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To be a fan of Black Mirror is to be a fan of being repeatedly emotionally scarred episode after episode. If you’ve seen one episode of Charlie Brooker‘s warped anthology series, you know what to expect. Each story starts with some new technology that’s supposed to help people, but really doesn’t because people are unreliable garbage who don’t know what they want. That’s why this latest season of the sci-fi horror series is so interesting. There’s hope lurking beneath the surface of Black Mirror Season 4, and no where is that more apparent than in the episode “Hang the DJ.” Spoilers ahead.
If “San Junipero” was the show’s attempt at fully formed and heart-breaking romance, then “Hang the DJ” is clearly what a rom-com looks like in this warped tech universe. The episode follows Frank (Joe Cole), who is perhaps one of the most relatable Black Mirror protagonists of all time. He’s snarky, sarcastic, and very much single. To remedy that last problem, he joins a dating app known only as “the System,” which promises to connect users to their soulmates, but only if they follow the app’s instructions to the letter. After his first time using the app, Frank is connected to Amy (Georgina Campbell), another first time user who’s just as fun-loving as he is snarky. It’s love at first swipe, and the rest of the episode revolves around Frank and Amy navigating through some truly terrible relationships while they try to find each other again.
Whereas other Black Mirror episodes choose to lean heavily on the technology at their center, “Hang the DJ” doesn’t. Until the episode’s very end, the System is merely portrayed as a more intense and demanding backdrop for dating in the modern age. Because of this the drama, tension, and levity of the episode relies completely on its central characters. Watching Frank wait out his second assigned relationship, which involves the humorless and constantly disappointed Nicola ( Gwyneth Keyworth), is hilarious in the painfully funny way highly relatable mistakes can be. Who hasn’t stayed in a relationship well past its emotional expiration date? Amy’s love life is equally fun to watch. Though her blissful relationship with the handsome and charming Lenny (George Blagden) starts as a fairy tale, it ends as a exercise in constant frustration. Add in a well-deserved montage of various app-assigned hookups, and “Hang the DJ” stands as one of the most relatable Black Mirror episodes for anyone who has had to endure the horrors of dating in the digital age.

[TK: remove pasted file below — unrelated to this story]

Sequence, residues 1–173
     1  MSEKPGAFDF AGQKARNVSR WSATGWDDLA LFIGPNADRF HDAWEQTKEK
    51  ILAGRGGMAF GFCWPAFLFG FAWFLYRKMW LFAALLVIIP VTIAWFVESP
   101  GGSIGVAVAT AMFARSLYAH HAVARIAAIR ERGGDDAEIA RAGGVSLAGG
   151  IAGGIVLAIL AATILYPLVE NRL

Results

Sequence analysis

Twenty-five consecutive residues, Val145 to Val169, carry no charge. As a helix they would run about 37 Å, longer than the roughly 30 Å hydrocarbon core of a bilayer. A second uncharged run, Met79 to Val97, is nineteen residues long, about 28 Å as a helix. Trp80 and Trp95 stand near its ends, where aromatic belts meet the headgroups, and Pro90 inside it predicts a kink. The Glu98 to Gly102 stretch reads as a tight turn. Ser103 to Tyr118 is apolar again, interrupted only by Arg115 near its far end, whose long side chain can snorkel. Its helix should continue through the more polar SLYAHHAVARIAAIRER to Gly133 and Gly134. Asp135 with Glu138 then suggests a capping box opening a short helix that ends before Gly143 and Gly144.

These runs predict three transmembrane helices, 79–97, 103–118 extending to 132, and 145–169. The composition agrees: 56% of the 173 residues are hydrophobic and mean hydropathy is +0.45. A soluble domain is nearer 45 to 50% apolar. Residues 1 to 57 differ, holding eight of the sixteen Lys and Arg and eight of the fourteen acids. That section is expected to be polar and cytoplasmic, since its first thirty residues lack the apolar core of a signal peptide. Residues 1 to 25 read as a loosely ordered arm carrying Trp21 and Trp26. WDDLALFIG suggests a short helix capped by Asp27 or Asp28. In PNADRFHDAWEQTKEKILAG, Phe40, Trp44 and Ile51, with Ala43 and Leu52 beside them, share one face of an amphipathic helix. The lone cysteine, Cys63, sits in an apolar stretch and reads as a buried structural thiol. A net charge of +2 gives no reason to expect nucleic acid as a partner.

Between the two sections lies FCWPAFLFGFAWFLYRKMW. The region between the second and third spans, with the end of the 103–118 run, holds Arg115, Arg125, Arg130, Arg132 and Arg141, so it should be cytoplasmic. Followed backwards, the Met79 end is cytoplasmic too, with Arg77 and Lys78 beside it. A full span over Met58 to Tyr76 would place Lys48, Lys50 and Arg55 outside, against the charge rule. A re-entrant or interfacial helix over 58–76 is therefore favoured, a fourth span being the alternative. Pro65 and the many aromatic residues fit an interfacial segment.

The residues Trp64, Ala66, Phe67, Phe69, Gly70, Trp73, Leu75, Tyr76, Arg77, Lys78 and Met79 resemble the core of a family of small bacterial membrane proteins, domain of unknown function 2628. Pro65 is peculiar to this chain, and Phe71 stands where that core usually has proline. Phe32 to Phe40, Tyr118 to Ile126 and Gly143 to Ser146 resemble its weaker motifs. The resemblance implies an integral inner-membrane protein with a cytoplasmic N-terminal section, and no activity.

But underneath the well-timed grimaces and the plethora of sexual encounters, there’s something sweet to “Hang the DJ.” The System y stand a chance beyond five years, but there’s a sense of understanding and chemistry between them that makes it seem like it would be worthwhile for them to try for longer. Because of that underlying hope, when Frank goes back on his promise to Amy and checks their expiration date without her, you understand why it happens. Yes, it’s a terrible thing to do, and yes, Amy is justified in her outrage, but the moment captures that impulsive, crazy, and somewhat misguided hope that always seems to guide humans to make terrible romantic decisions.
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That same underlying hope also works to justify the biggest twist of the episode. Because Frank’s Coach (Gina Bramhill) has been so clear that there will be consequences if anyone defies the System’s rules and because Black Mirror has never been a TV universe where nice things are allowed to happen, you know that something terrible is around the corner when Frank and Amy run away together. However, when that terrible thing involves uploading their consciousness into a void with countless other rebellious couples, it doesn’t seem all that bad. Ultimately Frank and Amy are together – something that they wanted from the first few seconds of the episode.
It’s unclear if this is really a punishment or if its secretly for the best. y will grow to hate each other like Amy and Lenny once did. Maybe something worse lies in their future. However, “Hang the DJ” ultimately celebrates the rebellious and impulsive choices humans make that separates us from machines. During this app-driven romantic age, there’s something instantly charming about that reminder, even if it comes from the vortex of paranoia and terror that is Black Mirror.